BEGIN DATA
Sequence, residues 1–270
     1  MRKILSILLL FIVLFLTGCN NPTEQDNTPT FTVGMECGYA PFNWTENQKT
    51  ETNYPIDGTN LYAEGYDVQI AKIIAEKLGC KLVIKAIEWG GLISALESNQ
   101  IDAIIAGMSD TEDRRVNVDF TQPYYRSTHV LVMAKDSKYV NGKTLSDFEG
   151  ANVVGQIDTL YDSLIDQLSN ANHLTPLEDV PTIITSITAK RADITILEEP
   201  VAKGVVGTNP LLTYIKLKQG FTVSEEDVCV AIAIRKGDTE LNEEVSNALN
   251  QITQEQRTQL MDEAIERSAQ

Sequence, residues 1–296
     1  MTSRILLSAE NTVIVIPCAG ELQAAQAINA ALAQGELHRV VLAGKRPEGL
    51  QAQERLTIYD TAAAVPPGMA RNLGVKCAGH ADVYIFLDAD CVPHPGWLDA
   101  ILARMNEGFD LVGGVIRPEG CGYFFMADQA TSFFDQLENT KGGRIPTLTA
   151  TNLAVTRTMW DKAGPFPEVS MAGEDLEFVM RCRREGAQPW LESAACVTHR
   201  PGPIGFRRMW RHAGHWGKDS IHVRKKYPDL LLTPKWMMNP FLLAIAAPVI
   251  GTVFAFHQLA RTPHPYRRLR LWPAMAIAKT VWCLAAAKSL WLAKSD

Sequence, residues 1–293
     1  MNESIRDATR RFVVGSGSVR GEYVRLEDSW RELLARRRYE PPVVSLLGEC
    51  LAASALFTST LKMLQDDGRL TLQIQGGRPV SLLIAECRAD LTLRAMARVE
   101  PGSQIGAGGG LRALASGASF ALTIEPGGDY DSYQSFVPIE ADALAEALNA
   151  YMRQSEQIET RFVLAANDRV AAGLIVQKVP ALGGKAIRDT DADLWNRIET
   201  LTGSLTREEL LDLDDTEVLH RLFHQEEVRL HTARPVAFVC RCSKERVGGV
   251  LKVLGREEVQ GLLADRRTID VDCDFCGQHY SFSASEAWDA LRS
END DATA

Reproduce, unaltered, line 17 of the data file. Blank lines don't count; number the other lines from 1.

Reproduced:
    51  LAASALFTST LKMLQDDGRL TLQIQGGRPV SLLIAECRAD LTLRAMARVE